When he had first heard his father use the term—the Raising—the sound of it, emerging from the Baron’s mouth, had been portentous, the emphasis he used setting it apart. That had been nine months ago, and Hugh had immediately asked what it meant, but the Baron’s answer had been no answer at all. He had blustered a little, attempting to dismiss it with a wave of his hand, and would say no more than that Hugh would find out all about it when the time came. In the meantime, however, he must begin to prepare for it, since it would be the most important event in Hugh’s life. Hearing the Baron say that had silenced his son, who had until then believed that nothing could be more important than his achievement of knighthood, less than a year earlier. He learned otherwise in a very short time, however, for so important was this newly announced ceremonial, this Raising, that both his father the Baron and his mother’s father, Lord Baldwin of Montdidier, had become his personal tutors, instructing him patiently and painstakingly on the matter of the Raising every day, and before he had even been permitted to begin working with them, he had had to swear never to reveal what he would learn, or even to mention the Raising itself to anyone.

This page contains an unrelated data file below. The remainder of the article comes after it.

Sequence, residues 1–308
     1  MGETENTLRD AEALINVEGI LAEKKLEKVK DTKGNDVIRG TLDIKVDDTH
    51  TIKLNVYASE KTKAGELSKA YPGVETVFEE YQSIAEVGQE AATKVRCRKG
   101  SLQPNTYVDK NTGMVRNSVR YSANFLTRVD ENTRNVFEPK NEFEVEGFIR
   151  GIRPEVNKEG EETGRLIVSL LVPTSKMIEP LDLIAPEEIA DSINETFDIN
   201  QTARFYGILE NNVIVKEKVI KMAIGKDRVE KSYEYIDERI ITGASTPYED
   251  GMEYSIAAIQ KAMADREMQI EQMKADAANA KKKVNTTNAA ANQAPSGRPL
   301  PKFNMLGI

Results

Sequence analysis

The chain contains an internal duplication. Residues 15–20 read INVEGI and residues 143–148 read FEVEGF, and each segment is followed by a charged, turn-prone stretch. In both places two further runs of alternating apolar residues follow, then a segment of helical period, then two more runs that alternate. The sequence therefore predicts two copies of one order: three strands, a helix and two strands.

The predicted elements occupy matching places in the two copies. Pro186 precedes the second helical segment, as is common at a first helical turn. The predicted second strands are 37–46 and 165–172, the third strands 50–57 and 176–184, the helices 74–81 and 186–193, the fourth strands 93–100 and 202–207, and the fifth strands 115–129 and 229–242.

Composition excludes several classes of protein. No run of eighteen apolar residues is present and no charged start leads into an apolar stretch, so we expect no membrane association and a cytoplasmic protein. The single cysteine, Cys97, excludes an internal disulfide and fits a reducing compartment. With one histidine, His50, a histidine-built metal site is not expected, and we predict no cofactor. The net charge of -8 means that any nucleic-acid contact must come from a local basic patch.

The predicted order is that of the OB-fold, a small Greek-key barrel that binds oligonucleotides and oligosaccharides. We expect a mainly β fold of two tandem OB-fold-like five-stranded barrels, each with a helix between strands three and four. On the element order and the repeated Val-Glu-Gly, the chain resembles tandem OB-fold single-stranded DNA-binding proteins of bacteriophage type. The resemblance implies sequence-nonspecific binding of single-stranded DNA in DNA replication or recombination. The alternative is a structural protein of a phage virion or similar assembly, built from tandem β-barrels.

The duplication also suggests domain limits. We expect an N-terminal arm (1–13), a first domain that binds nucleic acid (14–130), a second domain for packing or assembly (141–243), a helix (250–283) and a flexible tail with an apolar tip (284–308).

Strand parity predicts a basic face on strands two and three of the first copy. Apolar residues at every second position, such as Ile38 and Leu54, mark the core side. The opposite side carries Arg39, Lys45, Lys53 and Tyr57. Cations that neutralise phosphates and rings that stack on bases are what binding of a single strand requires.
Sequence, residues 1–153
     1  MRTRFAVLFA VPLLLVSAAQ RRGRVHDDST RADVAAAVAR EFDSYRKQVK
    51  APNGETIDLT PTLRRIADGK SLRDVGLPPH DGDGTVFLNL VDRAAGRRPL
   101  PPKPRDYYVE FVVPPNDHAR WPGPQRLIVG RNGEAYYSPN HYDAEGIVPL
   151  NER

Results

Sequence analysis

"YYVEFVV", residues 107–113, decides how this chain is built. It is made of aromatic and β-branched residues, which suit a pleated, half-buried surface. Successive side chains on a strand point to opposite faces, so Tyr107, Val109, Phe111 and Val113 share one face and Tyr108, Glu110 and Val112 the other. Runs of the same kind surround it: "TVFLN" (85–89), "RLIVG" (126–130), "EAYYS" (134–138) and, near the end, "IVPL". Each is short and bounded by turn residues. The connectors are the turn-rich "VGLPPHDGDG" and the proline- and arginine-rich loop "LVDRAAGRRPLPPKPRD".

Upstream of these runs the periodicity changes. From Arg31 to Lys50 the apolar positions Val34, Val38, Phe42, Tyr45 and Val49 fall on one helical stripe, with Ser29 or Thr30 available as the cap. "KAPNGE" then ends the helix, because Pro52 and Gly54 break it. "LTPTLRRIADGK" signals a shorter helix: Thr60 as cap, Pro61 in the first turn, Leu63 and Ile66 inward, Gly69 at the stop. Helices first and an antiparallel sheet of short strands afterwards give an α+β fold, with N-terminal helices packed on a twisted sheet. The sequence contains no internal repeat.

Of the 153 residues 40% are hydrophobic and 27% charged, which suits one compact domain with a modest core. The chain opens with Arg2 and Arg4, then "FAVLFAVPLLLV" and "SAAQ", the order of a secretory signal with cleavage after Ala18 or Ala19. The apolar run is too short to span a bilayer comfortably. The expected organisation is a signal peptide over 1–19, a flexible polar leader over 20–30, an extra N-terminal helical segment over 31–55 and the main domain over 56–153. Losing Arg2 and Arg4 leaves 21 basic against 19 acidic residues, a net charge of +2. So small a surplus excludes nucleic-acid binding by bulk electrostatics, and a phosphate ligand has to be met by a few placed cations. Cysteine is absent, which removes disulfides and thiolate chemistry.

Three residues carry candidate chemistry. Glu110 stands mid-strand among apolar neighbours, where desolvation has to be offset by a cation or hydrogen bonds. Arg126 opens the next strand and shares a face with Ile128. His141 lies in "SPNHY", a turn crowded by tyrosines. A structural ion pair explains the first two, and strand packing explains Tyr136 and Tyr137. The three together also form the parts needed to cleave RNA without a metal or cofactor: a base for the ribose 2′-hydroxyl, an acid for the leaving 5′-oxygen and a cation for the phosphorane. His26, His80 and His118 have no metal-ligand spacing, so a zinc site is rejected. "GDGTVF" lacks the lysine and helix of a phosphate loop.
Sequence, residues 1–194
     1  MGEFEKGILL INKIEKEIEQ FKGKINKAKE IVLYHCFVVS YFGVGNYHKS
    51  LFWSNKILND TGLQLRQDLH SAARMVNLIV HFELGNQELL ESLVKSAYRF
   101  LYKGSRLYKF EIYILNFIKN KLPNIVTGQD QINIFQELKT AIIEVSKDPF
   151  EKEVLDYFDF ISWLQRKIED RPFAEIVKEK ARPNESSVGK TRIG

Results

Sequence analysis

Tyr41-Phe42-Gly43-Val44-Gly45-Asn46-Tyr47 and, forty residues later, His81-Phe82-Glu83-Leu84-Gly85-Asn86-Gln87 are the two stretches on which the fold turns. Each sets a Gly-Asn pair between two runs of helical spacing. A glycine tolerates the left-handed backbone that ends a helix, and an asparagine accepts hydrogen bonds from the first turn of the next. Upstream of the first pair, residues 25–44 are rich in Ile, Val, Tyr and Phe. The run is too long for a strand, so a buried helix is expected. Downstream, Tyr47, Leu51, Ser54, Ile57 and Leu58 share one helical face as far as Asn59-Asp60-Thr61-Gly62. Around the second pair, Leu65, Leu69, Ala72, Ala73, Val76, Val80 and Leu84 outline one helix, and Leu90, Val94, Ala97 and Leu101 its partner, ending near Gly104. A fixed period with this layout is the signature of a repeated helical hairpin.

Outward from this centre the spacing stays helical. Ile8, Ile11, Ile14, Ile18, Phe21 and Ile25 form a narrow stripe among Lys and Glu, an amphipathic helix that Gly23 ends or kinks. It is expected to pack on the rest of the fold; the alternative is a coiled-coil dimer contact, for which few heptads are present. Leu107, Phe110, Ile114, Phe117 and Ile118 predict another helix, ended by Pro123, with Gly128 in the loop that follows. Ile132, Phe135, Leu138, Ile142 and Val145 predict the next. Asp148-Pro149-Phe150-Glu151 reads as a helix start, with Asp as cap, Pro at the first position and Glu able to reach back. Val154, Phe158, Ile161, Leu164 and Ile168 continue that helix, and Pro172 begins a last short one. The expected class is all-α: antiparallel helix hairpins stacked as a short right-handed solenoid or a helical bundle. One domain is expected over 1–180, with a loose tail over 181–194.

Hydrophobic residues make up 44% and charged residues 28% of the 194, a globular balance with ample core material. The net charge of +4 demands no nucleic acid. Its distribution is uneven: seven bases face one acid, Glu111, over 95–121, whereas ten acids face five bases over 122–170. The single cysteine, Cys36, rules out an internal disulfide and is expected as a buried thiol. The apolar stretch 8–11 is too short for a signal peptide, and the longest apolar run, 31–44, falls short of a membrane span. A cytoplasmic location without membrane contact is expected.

Since then, for months on end, Hugh had worked harder than he had at anything else in his whole life. His task was to master, by rote and to perfection, the verbal responses required for the ceremony surrounding the Raising, and the doing of it was far more grievous and exhausting than the harshest weapons training. He had been struggling with the work for months now, achieving something close to fluency in his responses, but he had absolutely no idea of their meaning, at any level of understanding. And now he was within a day of the great occasion, when all the details and the mysteries—the Gathering itself, the importance of the ceremonies, the meaning of the rites and the significance of Sir Stephen’s voyage from England to be present here as Hugh’s sponsor—would be made clear to him.